Also, just last Monday Ajahn Manapo held a short meditation workshop at Southam College during the lunch break as part of its Mental Health Awareness Week. And next Tuesday he’ll be receiving a class from All Saints Primary School in Warwick.

Ajahn Manapo speaking to the class at Allesley Hall and showing them the monk’s water filter, which is used to ensure monks don’t kill waterborne creatures.

The Warwick Uni Buddhist Society has resumed its Monday evening meetings. Luangpor leads the evenings, which take place from 6:30 pm – 8 pm and include a guided meditation, a Dhamma Talk and a Q&A session. Unfortunately there is not yet a dedicated room in which the Buddhists are able to meet regularly, and so you’ll either need to contact us, or keep an eye on the Society’s Facebook page to check the venue. These evenings are open to all.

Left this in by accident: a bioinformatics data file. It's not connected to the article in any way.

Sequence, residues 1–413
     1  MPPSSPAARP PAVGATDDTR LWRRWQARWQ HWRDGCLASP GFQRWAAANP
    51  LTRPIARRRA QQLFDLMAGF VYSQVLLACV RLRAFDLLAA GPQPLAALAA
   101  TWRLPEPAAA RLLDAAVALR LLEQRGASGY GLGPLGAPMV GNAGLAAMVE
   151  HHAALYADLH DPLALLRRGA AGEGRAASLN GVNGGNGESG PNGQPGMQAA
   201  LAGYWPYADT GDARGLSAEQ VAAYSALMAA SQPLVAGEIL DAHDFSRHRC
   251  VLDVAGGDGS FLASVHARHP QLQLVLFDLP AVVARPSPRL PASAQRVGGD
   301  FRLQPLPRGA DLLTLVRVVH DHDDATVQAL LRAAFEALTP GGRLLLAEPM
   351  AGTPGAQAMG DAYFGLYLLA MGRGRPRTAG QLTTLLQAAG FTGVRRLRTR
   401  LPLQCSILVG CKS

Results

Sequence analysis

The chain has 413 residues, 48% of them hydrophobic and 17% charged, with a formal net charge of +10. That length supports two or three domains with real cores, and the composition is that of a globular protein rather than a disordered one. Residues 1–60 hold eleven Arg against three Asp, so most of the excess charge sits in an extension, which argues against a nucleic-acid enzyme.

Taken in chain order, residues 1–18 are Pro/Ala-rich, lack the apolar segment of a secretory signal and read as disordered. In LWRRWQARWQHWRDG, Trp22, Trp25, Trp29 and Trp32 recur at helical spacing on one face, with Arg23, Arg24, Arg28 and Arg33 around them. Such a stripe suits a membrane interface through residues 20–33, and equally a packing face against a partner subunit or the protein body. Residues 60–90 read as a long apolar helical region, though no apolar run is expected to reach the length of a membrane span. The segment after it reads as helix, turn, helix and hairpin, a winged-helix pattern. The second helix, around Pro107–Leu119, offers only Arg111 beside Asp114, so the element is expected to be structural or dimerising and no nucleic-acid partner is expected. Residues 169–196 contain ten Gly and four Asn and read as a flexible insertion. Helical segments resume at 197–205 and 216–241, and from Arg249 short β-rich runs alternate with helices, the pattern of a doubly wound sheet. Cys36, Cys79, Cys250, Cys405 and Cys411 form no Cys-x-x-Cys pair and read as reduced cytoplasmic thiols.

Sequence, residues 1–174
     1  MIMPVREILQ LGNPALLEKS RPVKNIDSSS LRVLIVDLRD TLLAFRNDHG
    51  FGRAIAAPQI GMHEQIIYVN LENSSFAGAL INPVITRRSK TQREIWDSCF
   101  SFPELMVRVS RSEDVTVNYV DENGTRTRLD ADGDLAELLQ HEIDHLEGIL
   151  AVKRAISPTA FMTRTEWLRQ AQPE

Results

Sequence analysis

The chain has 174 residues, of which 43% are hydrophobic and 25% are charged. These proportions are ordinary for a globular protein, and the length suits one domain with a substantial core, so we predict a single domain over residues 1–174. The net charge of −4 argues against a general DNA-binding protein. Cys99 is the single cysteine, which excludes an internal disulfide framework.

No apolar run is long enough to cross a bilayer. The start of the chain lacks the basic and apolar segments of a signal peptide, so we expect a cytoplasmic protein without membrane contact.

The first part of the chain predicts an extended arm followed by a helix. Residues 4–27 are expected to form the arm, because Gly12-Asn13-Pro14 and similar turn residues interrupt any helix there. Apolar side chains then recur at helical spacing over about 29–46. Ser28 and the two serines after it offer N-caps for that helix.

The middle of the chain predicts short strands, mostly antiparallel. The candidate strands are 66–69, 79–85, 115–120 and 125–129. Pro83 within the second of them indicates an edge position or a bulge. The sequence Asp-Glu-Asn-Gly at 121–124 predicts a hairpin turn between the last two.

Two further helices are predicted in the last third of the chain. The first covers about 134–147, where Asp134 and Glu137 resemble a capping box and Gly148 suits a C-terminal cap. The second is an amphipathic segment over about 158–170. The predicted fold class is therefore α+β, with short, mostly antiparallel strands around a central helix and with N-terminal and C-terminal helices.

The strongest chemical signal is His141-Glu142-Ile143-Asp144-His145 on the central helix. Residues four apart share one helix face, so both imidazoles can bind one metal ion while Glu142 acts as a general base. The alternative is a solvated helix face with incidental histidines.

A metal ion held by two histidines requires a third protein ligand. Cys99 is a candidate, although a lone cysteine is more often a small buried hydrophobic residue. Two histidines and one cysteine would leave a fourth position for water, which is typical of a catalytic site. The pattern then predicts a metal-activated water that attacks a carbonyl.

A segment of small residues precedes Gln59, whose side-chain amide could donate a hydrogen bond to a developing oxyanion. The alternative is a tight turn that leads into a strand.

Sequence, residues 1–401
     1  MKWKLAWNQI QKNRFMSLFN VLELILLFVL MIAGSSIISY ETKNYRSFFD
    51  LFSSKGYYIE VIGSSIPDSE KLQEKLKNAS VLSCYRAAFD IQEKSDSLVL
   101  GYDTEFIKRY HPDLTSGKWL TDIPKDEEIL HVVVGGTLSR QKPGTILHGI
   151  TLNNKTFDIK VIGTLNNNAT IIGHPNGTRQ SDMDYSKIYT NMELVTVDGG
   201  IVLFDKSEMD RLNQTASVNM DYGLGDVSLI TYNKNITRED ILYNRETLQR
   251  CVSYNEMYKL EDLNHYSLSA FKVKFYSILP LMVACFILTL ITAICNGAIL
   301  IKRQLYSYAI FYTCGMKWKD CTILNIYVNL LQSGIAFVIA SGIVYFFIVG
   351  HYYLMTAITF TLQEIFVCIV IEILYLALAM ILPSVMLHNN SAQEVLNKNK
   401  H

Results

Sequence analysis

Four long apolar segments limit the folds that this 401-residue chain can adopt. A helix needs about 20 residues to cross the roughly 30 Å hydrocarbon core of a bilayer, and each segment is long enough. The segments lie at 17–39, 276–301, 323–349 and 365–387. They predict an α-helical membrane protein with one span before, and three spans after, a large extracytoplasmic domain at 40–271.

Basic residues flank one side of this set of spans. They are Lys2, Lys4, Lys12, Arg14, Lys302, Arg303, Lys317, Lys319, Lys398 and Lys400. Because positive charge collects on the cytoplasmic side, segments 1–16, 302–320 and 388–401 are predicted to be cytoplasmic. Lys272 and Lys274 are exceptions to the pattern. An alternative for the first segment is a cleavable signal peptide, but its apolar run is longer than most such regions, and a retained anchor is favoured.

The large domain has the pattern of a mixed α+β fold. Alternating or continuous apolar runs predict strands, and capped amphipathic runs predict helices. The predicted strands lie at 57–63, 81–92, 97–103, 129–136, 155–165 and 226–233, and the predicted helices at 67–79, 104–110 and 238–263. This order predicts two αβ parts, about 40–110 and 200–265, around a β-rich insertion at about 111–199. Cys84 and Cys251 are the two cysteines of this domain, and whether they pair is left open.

On the weekend of the 19th – 21st October there will be a retreat at Bhavana Dhamma. This retreat is full; however there are a few spaces left on the November and New Year retreats. Be quick if you’d like to attend.

As far as maintenance of our property goes, the refurbishment of our back porch is almost finished and it looks great (above left). We’ve also just built a new walking meditation path down by the retreat kuti (above right). Thanks to Andy for providing the decking and to Tom for the concrete blocks. The old mortar on three sides of the main house has also been raked out and we’re ready for re-pointing. However, that’ll have to wait as Andy is now firmly ensconced in his work on Luangpor’s kuti.